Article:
The Justice Department and FBI on Monday launched a Web site on which consumers and businesses can report suspected Internet frauds.
Attorney General Janet Reno said law enforcement needs new tools like the Internet Fraud Complaint Center with usage growing, particularly among older Americans with more time to surf the Web and more assets for criminals to target.
"The center will provide law enforcement at all levels -- federal, state and local -- with something they have been asking for a long time -- a one-stop shopping approach to identifying Internet fraud schemes and referring them to the proper agency," Reno said at a news conference.
Assistant FBI Director Rubin Garcia, head of the bureau's criminal investigative division, said the center will send the complaints to the appropriate federal, state, local or even foreign law enforcement agency.
The center also will analyze these complaints, compile statistics and propose strategies for dealing with criminals who use computers to commit their crimes.
"The Internet is used to commit the same types of fraud the FBI has traditionally investigated telemarketing, money laundering, securities fraud but traditional investigative methods are ineffective in this new environment," Garcia said.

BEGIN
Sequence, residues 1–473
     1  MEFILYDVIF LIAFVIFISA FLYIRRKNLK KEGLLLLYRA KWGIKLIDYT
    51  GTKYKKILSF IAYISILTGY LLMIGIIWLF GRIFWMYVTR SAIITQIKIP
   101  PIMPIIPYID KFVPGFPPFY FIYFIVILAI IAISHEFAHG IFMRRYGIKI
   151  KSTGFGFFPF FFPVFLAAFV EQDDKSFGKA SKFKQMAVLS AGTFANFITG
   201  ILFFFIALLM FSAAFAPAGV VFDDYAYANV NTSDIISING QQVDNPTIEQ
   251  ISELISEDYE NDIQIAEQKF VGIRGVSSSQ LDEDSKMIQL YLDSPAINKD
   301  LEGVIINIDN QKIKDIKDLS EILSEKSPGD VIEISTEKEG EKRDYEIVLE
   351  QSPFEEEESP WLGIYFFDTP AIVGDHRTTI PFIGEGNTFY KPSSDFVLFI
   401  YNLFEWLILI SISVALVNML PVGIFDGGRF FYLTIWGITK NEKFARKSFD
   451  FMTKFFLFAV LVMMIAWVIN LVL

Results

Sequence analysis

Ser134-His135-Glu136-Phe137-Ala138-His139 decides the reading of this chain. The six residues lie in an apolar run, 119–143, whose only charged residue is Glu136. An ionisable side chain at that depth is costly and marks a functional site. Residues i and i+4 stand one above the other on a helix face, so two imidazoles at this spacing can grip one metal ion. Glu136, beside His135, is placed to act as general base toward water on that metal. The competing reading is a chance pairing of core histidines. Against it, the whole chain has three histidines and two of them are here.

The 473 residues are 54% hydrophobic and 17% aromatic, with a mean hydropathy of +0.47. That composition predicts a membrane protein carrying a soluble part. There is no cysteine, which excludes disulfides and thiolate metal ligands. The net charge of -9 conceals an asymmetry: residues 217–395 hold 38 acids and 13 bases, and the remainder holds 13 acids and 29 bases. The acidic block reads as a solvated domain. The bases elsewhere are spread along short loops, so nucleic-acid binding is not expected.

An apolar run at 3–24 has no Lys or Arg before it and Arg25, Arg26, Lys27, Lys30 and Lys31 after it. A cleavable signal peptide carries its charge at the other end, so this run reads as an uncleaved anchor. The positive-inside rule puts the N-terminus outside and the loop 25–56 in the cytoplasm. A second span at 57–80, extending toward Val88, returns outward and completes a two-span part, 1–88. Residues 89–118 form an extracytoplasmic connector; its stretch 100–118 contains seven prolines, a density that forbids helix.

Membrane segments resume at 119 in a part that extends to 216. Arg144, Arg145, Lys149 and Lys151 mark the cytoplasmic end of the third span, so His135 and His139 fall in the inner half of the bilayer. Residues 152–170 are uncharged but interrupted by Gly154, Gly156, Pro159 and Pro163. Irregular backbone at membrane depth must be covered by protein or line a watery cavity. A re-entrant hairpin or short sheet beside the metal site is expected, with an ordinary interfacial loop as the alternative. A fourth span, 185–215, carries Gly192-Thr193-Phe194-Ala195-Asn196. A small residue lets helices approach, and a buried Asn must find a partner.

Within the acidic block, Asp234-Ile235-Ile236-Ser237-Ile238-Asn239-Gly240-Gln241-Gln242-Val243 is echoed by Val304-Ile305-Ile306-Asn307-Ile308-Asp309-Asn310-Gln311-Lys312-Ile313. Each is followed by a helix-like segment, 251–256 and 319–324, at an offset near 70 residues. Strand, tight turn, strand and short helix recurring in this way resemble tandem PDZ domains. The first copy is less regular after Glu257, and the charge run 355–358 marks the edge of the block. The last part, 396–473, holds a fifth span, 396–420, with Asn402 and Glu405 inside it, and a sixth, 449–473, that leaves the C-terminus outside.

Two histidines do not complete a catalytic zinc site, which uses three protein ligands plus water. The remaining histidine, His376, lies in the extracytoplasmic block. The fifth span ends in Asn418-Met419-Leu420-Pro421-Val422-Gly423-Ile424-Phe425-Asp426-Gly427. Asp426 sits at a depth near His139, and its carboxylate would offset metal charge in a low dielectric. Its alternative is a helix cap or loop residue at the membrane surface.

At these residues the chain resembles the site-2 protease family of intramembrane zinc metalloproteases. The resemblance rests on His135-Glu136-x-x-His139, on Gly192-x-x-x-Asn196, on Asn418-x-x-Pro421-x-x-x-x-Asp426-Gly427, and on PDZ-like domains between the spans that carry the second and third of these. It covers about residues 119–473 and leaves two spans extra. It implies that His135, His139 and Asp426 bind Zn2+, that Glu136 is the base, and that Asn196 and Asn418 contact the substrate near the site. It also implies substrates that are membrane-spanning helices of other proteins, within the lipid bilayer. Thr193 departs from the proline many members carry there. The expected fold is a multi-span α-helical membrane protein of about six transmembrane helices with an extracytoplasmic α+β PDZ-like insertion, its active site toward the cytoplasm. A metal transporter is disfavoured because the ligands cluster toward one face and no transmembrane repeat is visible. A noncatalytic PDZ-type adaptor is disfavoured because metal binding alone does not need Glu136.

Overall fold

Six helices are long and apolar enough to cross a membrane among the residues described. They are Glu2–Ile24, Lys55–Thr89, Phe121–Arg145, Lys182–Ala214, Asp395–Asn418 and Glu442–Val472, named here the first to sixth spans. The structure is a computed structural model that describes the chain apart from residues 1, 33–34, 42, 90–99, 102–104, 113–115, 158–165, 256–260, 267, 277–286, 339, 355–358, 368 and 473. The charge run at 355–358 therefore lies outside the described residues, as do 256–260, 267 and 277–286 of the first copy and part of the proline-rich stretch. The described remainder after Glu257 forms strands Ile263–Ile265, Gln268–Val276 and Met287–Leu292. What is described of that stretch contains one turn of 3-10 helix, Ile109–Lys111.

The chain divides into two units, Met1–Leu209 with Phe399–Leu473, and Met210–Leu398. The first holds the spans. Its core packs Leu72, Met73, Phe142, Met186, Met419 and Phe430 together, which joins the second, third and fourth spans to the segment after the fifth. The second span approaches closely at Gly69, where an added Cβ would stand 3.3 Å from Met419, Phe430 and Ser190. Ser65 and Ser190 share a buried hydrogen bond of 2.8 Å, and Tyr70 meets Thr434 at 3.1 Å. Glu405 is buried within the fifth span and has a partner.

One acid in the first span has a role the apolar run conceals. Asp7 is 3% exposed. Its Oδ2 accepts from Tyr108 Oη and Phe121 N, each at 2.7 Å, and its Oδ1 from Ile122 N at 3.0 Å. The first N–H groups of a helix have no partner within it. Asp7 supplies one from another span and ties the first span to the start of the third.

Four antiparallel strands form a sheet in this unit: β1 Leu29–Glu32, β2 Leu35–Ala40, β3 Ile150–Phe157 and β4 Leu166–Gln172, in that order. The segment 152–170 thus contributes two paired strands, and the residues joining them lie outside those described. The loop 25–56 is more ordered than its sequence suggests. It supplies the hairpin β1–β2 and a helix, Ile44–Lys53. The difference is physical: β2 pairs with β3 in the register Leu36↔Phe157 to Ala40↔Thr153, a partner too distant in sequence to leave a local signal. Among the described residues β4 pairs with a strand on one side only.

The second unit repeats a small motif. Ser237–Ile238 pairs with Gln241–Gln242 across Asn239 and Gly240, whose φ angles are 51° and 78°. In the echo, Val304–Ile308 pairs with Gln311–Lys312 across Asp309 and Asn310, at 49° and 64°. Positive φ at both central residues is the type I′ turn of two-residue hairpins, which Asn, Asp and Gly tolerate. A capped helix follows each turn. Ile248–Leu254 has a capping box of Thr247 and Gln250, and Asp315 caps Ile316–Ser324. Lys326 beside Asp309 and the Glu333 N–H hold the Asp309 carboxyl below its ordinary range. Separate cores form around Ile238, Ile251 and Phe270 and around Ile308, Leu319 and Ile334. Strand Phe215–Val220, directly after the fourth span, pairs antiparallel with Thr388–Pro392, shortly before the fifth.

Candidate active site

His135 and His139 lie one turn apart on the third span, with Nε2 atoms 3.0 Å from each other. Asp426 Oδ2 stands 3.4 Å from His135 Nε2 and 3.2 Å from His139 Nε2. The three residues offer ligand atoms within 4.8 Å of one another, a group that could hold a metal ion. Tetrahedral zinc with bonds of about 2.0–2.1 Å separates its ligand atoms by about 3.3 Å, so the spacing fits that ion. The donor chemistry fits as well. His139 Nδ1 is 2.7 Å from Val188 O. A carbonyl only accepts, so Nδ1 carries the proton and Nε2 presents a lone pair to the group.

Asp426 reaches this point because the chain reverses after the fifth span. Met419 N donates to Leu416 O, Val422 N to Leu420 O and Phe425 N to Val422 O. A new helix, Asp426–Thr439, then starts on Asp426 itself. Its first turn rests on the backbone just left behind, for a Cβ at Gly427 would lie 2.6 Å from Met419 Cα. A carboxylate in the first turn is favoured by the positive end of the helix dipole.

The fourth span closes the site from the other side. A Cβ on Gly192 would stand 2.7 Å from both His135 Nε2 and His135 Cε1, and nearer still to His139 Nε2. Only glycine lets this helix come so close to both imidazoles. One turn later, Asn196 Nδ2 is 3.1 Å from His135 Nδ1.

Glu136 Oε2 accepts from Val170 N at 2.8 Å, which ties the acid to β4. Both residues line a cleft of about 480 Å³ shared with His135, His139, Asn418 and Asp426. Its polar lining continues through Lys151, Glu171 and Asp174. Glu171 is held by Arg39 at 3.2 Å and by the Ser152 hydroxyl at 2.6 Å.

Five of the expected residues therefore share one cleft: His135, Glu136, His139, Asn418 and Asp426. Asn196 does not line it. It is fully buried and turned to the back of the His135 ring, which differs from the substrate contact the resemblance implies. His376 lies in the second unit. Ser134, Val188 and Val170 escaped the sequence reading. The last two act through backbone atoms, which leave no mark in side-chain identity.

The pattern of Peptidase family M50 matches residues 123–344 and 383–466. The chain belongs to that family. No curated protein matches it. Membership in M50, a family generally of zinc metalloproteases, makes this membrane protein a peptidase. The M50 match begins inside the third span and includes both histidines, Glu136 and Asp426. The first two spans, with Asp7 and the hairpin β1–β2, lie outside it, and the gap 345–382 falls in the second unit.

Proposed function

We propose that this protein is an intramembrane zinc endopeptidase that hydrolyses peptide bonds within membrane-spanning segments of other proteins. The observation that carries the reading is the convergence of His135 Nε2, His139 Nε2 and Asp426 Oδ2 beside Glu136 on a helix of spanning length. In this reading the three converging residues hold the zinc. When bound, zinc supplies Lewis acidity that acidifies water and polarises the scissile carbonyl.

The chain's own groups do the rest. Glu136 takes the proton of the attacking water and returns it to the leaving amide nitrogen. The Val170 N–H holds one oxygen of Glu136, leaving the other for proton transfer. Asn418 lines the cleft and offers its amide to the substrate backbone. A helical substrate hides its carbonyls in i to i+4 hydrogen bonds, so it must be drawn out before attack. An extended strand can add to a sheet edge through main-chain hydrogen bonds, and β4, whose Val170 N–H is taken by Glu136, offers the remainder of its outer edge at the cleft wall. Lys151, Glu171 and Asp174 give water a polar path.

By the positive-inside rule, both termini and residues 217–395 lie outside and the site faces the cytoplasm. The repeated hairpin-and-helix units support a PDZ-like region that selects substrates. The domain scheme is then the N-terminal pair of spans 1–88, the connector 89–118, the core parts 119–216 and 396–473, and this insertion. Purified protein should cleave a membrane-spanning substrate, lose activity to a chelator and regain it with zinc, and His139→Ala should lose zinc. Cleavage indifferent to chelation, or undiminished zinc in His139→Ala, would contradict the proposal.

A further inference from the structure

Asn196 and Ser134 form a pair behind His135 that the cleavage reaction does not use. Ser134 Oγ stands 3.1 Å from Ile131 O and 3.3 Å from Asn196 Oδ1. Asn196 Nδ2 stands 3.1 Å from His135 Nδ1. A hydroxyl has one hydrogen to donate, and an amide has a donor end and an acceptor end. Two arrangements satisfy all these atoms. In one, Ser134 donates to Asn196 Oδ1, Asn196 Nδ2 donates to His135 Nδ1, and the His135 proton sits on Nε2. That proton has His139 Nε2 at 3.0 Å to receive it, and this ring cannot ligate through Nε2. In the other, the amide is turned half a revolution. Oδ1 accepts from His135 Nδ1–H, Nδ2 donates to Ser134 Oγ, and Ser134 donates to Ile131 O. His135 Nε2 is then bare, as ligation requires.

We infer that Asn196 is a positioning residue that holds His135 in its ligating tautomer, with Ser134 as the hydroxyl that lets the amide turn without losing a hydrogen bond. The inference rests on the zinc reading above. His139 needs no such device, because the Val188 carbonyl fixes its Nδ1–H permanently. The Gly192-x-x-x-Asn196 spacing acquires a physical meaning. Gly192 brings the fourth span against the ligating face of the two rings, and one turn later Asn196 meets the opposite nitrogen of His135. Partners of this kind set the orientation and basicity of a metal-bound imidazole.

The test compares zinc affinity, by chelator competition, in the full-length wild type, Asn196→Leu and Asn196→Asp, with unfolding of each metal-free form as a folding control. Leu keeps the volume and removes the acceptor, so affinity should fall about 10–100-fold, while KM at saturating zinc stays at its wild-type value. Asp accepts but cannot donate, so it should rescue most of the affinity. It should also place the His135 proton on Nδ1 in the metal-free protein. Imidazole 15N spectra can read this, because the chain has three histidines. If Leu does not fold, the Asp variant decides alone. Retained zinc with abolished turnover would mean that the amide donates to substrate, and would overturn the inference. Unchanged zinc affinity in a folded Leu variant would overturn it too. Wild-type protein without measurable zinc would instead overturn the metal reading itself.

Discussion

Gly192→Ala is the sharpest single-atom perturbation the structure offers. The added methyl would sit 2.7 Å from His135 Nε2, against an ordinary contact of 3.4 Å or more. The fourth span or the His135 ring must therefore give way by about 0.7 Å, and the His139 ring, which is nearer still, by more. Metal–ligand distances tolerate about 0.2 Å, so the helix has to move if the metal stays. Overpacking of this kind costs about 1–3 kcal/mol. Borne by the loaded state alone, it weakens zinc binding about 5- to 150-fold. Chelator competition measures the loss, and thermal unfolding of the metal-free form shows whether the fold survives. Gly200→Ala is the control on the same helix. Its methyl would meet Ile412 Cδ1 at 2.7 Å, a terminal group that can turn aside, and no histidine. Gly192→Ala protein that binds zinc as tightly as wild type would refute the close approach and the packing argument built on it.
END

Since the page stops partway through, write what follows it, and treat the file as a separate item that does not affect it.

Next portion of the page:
Demographic changes in Internet use have made the need for a new investigative tool more urgent, Garcia said.
Currently, 18-to-34-year-olds are the largest age group using the Internet, accounting for 39 percent of users, Garcia said. But people over age 50 are the fastest growing group of users and, as a group, they surf the Internet 19 percent longer than all other age groups combined.
"Those older users are on longer and have the most assets available for investment so they are more likely to be targets for criminals," Garcia said.
Last year, the Federal Trade Commission received nearly 18,000 complaints of Internet consumer fraud, including allegations about online auctions and sales of computer hardware and software. The Securities and Exchange Commission gets 200 to 300 complaints a day about possible securities fraud on the Internet.
The Internet Fraud Complaint Center is located in Morgantown, W. Va., and was set up in cooperation with the National White Collar Crime Center, a national support network funded by the Justice Department to aid state and local prosecutors, agents and regulators in dealing with high-tech economic crime.
Garcia said the center was not set up to deal with computer viruses and denial of service attacks aimed at damaging computer systems. But he said that if complaints about such attacks come in, they will be referred to the FBI's National Infrastructure Protection Center, which investigates that type of computer crime.